My great-aunt had a parlor room in which all the furniture was covered in plastic and never used, it also had a plastic walkway going through the middle (just a strip of plastic cover) which was the only path you could walk on (she would flip out if you touched carpet).” –Random_White_Guy

“I wasn’t allowed to put extra salt on my food, had to be in bed by 8pm (all the way through middle school), and had to ride my bike to school everyday even though my best friends parents offered to take me.” –willwhit87

“No fighting over the heel of the bread. The father once off hand told his oldest children that the heel of a loaf of bread was the best and made them want it instead of the regular pieces. By the time there were 4 kids sometimes fist fights would break out over the heels. Loaves had been opened on both sides, or loaves were a mess because someone reached through the sack and pulled the back heel out. For a while there was a turn system where the heels were promised to a child for each loaf, but that fell apart when one went to summer camp and lost their turn. One time my friend wasted an afternoon waiting for his mother to come home with a fresh loaf of bread instead of going out and playing. I witnessed fist fights over the bread most people throw away.” –DarrenEdwards

“In college I had a friend that lived with his grandparents when he went to school. Before they’d let him leave the house his grandmother would say ‘nothing good happens after midnight’ and he would have to repeat it. If I was there, I would also have to repeat the phrase.” –iownalaptop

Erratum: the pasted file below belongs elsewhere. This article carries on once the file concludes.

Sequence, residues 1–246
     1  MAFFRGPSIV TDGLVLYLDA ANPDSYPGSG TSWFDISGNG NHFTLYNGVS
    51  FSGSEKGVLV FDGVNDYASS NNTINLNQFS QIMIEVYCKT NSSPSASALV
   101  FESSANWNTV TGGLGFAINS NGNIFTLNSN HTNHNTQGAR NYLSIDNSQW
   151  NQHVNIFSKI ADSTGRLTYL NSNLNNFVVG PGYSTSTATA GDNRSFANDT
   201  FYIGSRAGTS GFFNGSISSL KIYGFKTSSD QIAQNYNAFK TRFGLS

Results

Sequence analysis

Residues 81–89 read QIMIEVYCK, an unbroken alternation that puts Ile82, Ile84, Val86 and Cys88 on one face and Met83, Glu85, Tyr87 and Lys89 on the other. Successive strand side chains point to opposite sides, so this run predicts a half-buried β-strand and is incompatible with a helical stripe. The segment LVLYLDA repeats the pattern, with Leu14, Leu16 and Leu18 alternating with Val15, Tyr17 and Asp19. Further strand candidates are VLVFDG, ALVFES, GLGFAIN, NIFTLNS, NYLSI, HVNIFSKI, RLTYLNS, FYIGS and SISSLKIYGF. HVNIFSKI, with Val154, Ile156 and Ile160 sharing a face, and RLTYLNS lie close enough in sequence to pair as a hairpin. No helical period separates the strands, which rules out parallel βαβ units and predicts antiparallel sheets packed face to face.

“I slept over a friends house in grade school one time. He prepared us a bowl of cereal the next morning for breakfast. Not thinking ANYTHING of my behavior, I didn’t finish the milk. I just never used to. I don’t know.

He was like “You uh…gonna finish that?”

“Uhhh oh…I uh…I don’t think so? Does that matter?”

He panicked. Absolutely panicked. I think he put it down the toilet before his parents came back into the room.

I don’t know what the rule was, exactly, but FINISH YOUR MILK OR DIE would be my guess based on his reaction. I still feel bad about it. I was like 8 and didn’t think.” –soomuchcoffee

“When I was a kid. I spent the night at one of my friends house. And you were allowed to drink a soda like sprite before bed. But you had to stir it till all the carbonation was gone.. Don’t ask me why…” –newvictim